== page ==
And I think that a lot of the people that are being excluded from accessing the wellness industry, and I don’t think it’s deliberate but it happens, they need it the most. If you’re from a low socioeconomic background, if you are from a ethnic minority in the Western world, and even if you are living in a African, Caribbean, Latin American, Asian country, we still are governed by the European, particularly Western-European norms, because white supremacy has had such a profound impact on the whole world that the whole world is viewed through the lens of aspiring to a Western-European standard aesthetic et cetera. So even Africans in Africa. I’ve been to a few different African countries, I’ve been to three different African countries, Zambia, where my family are from, Ghana, Gambia, where my family are also from, and they still aspire to a western standard. Because let’s not forget, there was slavery from the late 1500s, early 1600s, and then there was colonialism from the 1800s or so, and that was a really really long time. Like slavery ended something like 200 years ago or 300 years ago or something. That’s not that long, if you think of human evolution. So the shadow of white supremacy is cast over everywhere and I feel like – no, my observation is that the wellness industry is also replicating, embodying, perpetuating that standard.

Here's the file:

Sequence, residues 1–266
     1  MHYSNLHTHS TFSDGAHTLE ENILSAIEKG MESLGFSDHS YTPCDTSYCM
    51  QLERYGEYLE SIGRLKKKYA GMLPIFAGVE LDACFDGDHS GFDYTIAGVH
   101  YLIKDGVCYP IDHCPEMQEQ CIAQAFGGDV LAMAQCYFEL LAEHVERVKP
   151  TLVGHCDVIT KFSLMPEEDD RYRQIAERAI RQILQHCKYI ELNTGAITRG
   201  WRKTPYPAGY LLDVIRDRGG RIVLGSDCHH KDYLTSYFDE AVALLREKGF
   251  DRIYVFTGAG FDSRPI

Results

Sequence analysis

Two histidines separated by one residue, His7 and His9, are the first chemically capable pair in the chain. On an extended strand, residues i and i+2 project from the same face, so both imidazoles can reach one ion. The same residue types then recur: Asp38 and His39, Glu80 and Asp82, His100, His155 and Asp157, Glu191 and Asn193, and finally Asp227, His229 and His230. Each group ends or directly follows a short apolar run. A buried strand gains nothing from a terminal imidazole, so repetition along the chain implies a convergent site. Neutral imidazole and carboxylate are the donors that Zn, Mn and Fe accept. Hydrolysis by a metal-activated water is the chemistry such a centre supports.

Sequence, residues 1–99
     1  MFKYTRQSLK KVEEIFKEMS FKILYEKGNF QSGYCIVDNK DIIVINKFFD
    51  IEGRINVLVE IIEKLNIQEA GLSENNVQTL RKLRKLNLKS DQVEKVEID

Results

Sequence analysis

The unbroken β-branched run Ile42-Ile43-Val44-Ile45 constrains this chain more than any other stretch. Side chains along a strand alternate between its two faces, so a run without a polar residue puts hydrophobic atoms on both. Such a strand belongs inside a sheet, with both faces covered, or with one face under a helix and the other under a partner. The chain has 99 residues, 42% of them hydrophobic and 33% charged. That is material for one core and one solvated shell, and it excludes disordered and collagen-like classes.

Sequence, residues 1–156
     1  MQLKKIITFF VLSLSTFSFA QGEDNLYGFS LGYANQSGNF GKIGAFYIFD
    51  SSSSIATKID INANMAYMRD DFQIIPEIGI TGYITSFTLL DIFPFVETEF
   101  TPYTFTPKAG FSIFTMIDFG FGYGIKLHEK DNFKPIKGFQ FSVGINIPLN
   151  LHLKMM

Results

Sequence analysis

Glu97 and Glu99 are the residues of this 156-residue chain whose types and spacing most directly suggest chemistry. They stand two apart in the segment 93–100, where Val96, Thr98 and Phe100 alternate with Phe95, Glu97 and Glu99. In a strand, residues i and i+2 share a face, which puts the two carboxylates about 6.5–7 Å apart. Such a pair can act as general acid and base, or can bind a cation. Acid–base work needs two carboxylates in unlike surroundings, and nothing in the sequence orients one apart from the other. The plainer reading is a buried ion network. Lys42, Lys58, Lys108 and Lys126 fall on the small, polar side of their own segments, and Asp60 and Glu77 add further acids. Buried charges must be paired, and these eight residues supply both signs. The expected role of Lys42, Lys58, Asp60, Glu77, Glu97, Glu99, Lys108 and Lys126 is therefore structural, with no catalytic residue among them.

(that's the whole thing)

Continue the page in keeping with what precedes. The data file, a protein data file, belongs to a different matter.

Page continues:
Yup, I- yeah. I couldn’t agree more. I know we’ve spoken about this already. And something I remember you speaking about when we actually met at your podcast event was this idea of assimilation.
And I feel like it sounds like the wellness industry is kind of encouraging ethnic minorities to do that, to fit this ideal and assimilate. Would you agree?
Yeah. I agree wholeheartedly and I would say that it’s not confined to matters of race and ethnicity. I’ve also observed that within, for example, the body positivity movement. Now, I’m very aware that I’m speaking on this as a woman whose body does fit into the accepted Western-European aspiration. I’m slim, I’m tall, whatever, well, I don’t know if tall is one of them, but I’m slim.
But what I have observed, even within body positivity, is that there are lots of rules about body positivity. So if someone is plus size and they’re talking about wanting to lose weight for whatever reason, they could be talking about wanting to lose weight by doing things like eating a healthier diet and working out a few times a week, and that’s construed as shaming, or that’s construed as not loving yourself. So there are really – it’s become really really regimented.
And in terms of race and ethnicity, it’s really really tricky because – no, it’s not tricky, actually. It’s a lot more simple than we are acknowledging, but because it makes people feel uncomfortable, they will avoid.